The rest of this will be done via SSH or via the
phpVirtualBox interface. One of the ISOs I transferred was the latest version of the OPNsense router at the time this was written (version
20.1). This will be the installation medium for this virtual router.
I click New in the
phpVirtualBox dashboard to create a new VM. Since OPNsense is based on FreeBSD, I tell VirtualBox that it’s a FreeBSD installation. Here are my selections:
OPNsense 20.1 x64 (CORE ROUTER)
After the VM is created, select it, then click Settings and configure it as follows:
OPNsenseISO for the CD drive.
080027F57BD6(Refresh if there’s not one there.)
Bridged Adapter: enp2s0f0
080027CB28AF(Refresh if there’s not one there.)
Bridged Adapter: enp2s0f1
080027DB67CA(Refresh if there’s not one there.)
Host-only Adapter: vboxnet0
080027DB61EA(Refresh if there’s not one there.)
Once the system has been configured, click the Snapshots button and save a new snapshot called “Pre-Install.” Then return to the details page, and start the VM. To control the VM, you’ll need to use an RDP client such as
Here’s how to connect:
Display, check on which port the RDP server is listening, then use SSH port-forwarding to make the port available:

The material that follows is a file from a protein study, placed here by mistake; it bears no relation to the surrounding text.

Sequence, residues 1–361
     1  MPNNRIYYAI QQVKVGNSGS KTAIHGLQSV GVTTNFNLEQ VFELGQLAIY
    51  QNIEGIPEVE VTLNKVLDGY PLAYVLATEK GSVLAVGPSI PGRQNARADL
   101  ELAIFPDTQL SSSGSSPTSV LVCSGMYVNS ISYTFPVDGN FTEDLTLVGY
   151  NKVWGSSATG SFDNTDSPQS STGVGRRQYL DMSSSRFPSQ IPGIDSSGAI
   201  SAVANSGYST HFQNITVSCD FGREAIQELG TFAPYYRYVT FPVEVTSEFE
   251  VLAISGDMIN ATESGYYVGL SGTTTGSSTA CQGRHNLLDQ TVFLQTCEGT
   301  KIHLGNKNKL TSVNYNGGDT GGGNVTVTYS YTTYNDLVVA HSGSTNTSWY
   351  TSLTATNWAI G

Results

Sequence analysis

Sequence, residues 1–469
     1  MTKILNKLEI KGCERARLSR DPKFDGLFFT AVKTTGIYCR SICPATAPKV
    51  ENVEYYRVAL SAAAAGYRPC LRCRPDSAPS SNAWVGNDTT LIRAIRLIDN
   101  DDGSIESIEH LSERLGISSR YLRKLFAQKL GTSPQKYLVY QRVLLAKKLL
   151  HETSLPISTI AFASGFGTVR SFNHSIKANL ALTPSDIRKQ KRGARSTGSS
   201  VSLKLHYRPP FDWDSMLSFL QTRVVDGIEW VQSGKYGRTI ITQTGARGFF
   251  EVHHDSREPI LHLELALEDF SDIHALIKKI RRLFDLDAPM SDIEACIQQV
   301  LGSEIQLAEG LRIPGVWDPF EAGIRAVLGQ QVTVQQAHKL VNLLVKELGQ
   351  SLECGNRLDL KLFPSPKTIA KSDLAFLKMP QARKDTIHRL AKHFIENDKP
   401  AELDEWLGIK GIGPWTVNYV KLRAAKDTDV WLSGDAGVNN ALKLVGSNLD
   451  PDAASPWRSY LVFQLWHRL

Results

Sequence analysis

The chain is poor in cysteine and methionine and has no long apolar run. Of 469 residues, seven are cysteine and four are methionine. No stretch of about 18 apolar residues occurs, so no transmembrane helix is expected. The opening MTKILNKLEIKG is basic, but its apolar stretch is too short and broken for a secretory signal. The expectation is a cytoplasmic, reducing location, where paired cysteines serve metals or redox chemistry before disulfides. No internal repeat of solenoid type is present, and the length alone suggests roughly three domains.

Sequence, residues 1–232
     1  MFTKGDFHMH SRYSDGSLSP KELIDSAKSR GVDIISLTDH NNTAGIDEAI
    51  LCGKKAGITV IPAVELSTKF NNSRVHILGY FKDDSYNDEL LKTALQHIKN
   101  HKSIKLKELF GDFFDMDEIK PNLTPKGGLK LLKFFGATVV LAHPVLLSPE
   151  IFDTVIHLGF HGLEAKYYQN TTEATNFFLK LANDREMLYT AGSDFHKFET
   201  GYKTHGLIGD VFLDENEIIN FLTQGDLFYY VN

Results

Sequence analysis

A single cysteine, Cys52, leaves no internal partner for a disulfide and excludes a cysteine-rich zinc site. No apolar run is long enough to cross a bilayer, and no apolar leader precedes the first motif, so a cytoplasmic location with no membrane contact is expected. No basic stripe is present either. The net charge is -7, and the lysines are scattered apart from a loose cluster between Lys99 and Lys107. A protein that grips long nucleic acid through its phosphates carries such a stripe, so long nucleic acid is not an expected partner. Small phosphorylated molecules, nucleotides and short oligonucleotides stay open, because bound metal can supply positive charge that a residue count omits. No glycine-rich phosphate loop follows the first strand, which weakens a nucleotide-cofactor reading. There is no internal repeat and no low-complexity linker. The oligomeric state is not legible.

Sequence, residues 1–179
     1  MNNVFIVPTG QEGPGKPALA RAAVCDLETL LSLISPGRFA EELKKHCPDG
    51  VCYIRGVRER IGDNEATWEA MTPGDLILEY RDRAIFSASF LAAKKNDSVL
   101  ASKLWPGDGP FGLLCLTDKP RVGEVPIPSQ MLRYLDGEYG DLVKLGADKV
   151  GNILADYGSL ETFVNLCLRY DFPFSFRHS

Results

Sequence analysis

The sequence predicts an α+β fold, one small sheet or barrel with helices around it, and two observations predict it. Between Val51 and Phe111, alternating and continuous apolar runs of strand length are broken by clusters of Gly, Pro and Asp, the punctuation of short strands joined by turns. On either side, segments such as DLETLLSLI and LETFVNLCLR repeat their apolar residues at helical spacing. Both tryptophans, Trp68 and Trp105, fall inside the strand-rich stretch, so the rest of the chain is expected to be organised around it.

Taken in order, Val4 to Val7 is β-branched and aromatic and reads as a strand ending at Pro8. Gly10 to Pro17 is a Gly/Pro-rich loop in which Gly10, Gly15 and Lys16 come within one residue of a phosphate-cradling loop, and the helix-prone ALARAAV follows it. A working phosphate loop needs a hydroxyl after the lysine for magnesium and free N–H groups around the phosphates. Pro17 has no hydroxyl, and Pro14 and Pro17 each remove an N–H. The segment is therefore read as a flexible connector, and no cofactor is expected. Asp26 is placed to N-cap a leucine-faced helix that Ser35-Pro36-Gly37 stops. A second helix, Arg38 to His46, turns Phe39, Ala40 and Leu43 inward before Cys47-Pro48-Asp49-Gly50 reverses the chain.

ssh -L 9000:127.0.0.1:9000 haxys@[HAL9K IP]
With this complete, you can click the port number to connect to the RDP service.
The system will take a minute to boot, as it does a lot of auto-configuration from the start. When prompted for a login and password, use the following credentials:
opnsensefor the demo.)
Once this is done, it’ll try to reboot. Hit
Ctrl-C to stop the reboot, return to the menu, and exit. We don’t want the system to reboot with the ISO still connected, so let’s remove it. Return to
phpVirtualBox and power off the machine. Then open its settings and remove the ISO from the virtual disk drive. Then make a snapshot called “Installed, not configured.” That way, if we mess up in the configuration phase, we can start over from a fresh install.